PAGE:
SS:  In addition to the name ‘Holy Other’, a lot of your songs (e.g. ‘Blissters’, ‘SunShrine’) seem to evoke an eminently mystical quality. Was this an intentional thing?

HO: I’d stolen the mysticism theme from my love of drone and tingz. ‘Sunshrine’ was this James Blackshaw nu-raga album that I loved a few years back. Sometimes it’s intentional mysticism, direct reference, or just liking how something sounds.

SS: Do you reckon that there’s a discernible aesthetic behind Tri Angle?

HO: Elusive, primarily… but totally contextual and self-aware. It’s that combined appreciation of pop and underground, the awareness of everything. Robin seems to have some insanely perfect ear for signings – every artist has some idea about vocal manipulation, unique to each of them.



London-based pair Nowa Huta are already catching attention for their electronic, ‘dark dance’ music, with tracks like ‘stilfeelu’ and ‘Gang Waves’ seeing their melodic vocal samples shimmer against echoing dance beats, to produce something weirdly beautiful.

SS: What’s the deal with your ‘dark dance’ approach?

NH: We’re interested in creating music that feels isolated, or evokes a sense of longing. UK dance music beats and the sense of space in music are things that continually fascinate us. We want to make music that is like a spatial representation of walking around London at night on your own, with these voices floating through trying to get something across, but you can’t quite work out what it is – except that whatever it is sounds like it’s torturing the voices…

SS: As a label, what does Tri Angle represent to listeners? Do you think it embodies a certain time and place in music today?

NH: Tri Angle embodies now, in the sense that one week, people who take pop music seriously – and are deeply inspired by it – can make weird music in their bedrooms, and it gets heard by hundreds of hip kids the next week.



Stalker is music journalist-turned-Salem-manager-turned-artist/producer Brendan Telzrow, hailing from Chicago. A natural shy-guy, Brendan has remixed tracks for the likes of These New Puritans and Kreayshawn,  bringing to the mix his organic, low-fi sound that wavers between brooding, lonely and downright ominous.

SS: Like a lot of the other Tri Angle acts, your music seems to defy being associated with any specific ‘genre’ around at the moment… would you say that’s a good thing?

BZ: Whatever my environment is dictates my immediate influences… absorbing other ideas have made my output kind of hard to define. I think of (my sound) as adaptive, unconscious music – I have to feel like I am imparting a ‘transparent’ projection of my own perception within the music. I’d never see my music being widely popular, but as much as I like the abrasive, heavier sounds, I like pop music too. I’d like to produce for someone like Rihanna and Ke$ha…

SS: What’s it like working with such an up-and-coming label?

BZ: It’s rare to have a new label that’s become a kind of icon… it’s fun to help build that, because it’s so young in so many ways, and there are so many ways that you could use it.



Following up on his critically acclaimed 2010 single ‘Ready For The World’, 2011 has already seen Chicago-based act How To Dress Well (otherwise known as Tom Krell) release his full-length debut album Love Remains, which has built on his trademark sound by layering soulful, otherworldly textures with vocals that wouldn’t be out of place on any number of hit R&B records.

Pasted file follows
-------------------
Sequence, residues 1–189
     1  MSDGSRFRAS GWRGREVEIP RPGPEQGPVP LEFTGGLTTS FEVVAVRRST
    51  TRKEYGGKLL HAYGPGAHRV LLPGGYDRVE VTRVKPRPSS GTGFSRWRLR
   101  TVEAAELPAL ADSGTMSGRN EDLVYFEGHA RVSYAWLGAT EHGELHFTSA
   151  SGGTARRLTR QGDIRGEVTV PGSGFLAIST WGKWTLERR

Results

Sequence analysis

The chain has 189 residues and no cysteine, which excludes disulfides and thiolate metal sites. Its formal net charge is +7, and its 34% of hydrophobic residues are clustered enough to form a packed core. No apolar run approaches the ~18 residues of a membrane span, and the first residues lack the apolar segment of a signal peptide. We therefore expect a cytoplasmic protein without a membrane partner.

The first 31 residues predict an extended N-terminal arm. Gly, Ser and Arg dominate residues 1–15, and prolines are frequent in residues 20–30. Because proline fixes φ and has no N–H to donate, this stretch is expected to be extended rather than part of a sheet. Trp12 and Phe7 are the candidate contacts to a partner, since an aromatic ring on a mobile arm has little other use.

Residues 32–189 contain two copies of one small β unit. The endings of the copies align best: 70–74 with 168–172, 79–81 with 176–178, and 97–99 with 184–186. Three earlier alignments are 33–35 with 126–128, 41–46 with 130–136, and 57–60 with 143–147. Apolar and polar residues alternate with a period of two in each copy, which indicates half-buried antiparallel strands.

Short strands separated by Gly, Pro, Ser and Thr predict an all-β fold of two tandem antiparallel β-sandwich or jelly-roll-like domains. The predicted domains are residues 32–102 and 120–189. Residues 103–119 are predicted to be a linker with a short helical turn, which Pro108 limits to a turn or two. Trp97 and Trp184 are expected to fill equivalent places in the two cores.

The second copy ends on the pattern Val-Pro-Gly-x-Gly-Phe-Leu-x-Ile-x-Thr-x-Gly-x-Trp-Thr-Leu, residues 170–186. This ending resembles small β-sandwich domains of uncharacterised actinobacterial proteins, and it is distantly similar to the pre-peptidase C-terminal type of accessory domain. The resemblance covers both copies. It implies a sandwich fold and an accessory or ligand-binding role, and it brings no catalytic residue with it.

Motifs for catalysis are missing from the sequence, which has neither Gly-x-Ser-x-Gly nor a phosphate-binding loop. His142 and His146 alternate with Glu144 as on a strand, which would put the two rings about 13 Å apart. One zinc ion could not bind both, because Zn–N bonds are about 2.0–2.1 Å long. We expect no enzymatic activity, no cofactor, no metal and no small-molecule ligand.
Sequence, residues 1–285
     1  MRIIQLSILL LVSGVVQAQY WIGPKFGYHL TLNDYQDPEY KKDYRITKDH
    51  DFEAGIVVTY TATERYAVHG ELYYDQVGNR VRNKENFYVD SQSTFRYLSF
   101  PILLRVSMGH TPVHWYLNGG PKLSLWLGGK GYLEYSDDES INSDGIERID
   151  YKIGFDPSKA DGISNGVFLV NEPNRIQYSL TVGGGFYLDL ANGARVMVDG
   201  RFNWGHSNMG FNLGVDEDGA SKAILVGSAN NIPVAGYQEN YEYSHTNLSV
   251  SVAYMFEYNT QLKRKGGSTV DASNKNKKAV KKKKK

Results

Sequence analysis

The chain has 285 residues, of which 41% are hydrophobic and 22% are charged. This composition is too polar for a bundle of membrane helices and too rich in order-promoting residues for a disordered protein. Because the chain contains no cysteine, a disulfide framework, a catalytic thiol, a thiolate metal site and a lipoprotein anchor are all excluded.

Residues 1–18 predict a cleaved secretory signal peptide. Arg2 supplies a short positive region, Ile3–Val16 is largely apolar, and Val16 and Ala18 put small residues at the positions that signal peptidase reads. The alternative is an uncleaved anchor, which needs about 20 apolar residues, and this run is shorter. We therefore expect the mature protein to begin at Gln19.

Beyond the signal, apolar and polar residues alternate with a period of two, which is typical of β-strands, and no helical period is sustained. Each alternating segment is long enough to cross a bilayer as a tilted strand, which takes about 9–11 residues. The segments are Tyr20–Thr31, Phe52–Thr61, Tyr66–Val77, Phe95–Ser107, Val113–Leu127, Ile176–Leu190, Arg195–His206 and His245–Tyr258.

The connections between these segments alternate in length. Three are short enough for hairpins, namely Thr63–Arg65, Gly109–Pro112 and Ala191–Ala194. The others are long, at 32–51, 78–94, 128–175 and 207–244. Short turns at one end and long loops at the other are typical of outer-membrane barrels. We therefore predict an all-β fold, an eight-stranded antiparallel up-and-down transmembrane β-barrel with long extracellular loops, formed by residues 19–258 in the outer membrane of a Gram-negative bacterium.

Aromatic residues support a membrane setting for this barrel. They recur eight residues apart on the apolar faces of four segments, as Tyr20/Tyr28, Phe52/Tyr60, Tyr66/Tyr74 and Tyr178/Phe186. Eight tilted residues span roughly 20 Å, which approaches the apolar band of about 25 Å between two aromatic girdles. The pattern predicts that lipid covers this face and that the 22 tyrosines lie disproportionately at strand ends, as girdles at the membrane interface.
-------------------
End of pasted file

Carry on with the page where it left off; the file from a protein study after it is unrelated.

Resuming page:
Having produced remixes for the likes of Matthew Dear and R Kelly, and with a How To Dress Well remix 12” currently in the works at the Tri Angle factory, (which will include xxxy’s recent remix of ‘Ready For The World’), we predict big things for HTDW’s future.



Balam Acab is Pennsylvania-based Alec Koone, an artist fast rising to distinction with his bewitching, diaphanous music. In August 2010, EP See Birds made an impact not only as Balam Acab’s debut EP, but also as Tri Angle’s first record release, and was received with great enthusiasm by pretty much everyone – the title track has even appeared on a L’Oreal advert featuring Beyonce! Famously shy (having yet to appear live), he has since released his first full-length full-length LP on the label, Wander/Wonder. In the mean time check out his single ‘See Birds’ from his debut EP of the same name…



oOoOO (alias of one Chris Dexter Greenspan, hailing from San Francisco) has already cemented his reputation for melancholy, tripped-out sounds. However, like many of the other Tri Angle acts, it seems that oOoOO is a bit of a pop fan too, having remixed Lindsay Lohan’s ‘I Live For The Day’ for the label’s LiLo mixtape, as well as the likes of Marina and the Diamonds.



Newest Tri Angle signing, Ayshay, is the project of one Sengal-born, Brooklyn-based artist Fatima Al-Qadiri (check out SuperSuper #23 for our interview with her!), pioneer of the ‘Muslim Trance’ genre. Ayshay takes samples from Islamic religious anthem songs, such as Shi-ite and Sunni acapella, and combines with distorted trance beats to create mystical waves of sound.


Words: Charlotte McManus


About Charlotte McManus

Editor for and Freelance writer - The Creator's Project, SUPERSUPER!, Don't Panic, FAULT, Flux, Who's Jack & more.

Posted on 09/03/2012, in Music and tagged , , , , , , , , , , , , , . Bookmark the permalink. Leave a comment.